This cryptically titled album stems from a childhood experience of Whitley's, whereupon watching two documentaries (one on mammoths, the other on the human mind), he came to the startling realisation of the existence of death, along with all the attendant questions concerning what on earth this thing called life is all about.
The lyrics are full of references to it - "And we're becoming shadows And we're becoming silhouettes" (Poison In Our Pocket), "The sun will not be here And I know my life has an end" (Head, First, Down) - but it's by no means what one would call a dark record.
It's more an album of acceptance and of the sheer wonderment at the whole "life, universe and everything" mystery.
Musically speaking, it's pure dynamite - an excellent set of top quality songs full of magnificent peaks and troughs.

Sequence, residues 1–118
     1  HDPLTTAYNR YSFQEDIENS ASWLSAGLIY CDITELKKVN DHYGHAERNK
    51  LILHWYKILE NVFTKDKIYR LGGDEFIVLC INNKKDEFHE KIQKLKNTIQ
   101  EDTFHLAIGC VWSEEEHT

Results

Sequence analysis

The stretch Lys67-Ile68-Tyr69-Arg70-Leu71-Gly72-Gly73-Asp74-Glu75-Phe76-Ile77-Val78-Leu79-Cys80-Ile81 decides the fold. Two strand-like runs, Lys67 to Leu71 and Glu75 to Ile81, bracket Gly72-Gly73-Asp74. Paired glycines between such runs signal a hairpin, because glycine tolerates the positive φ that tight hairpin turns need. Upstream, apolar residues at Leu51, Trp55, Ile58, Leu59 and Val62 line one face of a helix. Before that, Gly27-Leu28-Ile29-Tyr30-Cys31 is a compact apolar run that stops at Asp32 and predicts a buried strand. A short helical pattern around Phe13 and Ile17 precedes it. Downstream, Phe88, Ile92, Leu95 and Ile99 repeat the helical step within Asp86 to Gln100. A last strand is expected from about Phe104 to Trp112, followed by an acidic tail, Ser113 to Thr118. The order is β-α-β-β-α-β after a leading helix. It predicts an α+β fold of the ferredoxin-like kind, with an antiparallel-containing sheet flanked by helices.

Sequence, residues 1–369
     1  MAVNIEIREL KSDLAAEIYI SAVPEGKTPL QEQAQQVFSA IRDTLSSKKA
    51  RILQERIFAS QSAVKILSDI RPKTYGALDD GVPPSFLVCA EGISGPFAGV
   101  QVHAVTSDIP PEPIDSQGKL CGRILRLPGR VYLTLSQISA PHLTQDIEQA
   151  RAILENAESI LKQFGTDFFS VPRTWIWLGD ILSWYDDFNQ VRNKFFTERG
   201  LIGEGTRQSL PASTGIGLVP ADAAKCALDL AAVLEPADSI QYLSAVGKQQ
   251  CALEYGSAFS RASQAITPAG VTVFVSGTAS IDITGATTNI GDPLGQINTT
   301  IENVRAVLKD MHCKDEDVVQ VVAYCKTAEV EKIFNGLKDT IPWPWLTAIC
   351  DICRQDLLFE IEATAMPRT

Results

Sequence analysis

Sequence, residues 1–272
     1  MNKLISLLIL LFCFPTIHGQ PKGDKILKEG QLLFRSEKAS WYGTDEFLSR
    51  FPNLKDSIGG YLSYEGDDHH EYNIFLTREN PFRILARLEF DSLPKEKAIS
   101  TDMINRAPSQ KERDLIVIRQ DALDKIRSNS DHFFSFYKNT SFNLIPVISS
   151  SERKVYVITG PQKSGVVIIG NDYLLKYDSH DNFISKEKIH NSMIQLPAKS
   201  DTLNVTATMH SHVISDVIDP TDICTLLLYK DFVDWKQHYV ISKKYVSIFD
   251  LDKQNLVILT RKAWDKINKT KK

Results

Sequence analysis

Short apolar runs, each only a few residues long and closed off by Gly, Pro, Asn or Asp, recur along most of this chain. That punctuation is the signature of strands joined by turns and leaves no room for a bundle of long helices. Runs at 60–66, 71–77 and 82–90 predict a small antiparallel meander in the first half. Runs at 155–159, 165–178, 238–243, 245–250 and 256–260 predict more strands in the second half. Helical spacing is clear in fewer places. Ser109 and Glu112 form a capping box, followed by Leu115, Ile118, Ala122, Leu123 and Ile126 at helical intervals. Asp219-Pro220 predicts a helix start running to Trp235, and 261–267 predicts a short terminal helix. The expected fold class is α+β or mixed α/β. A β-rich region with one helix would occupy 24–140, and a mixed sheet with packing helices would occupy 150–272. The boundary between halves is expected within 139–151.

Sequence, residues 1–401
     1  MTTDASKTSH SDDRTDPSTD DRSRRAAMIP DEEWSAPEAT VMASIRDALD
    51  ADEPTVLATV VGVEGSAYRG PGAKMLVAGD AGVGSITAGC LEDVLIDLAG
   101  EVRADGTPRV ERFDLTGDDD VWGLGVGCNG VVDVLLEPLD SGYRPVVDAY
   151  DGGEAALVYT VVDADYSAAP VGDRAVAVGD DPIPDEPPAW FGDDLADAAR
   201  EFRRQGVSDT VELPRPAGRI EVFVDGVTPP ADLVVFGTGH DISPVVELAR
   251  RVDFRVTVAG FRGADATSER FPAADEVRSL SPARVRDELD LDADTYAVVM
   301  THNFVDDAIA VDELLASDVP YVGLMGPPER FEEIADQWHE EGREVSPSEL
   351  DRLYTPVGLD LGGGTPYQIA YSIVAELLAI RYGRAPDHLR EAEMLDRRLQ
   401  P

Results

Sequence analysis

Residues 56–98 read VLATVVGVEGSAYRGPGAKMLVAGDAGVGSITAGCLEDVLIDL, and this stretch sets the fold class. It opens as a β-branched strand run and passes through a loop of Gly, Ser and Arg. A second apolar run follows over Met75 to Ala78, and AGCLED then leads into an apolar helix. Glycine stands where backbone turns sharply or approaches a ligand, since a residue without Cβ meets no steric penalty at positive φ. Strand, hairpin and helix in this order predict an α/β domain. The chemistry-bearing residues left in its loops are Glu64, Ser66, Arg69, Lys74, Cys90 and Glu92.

The abnormally tight rhythm section of Luke Bolton and Andy Reed on bass and drums has been bolstered by the imaginative input of Midnight Oil's Jim Moginie, and a little drumming help from the Oils' Rob Hirst.
And the sound is just fabulous.
As an artistic statement, it stands as a solid, unified piece which should be listened to in its entirety - varied in styles, thoughtfully arranged, and tied together with a thought-provoking lyrical thread.
A slow-burning selection to savour, Go Fort Find Mammoth is an album that grows more embraceable with each listen.
Musician, actor, singer, music reviewer, Phil’s interests cover a lot of bases and this is reflected in the music he writes about. From blues to soul, ambient to electronic, Phil writes about artists he feels are interesting, true to their craft and worthy of your ears.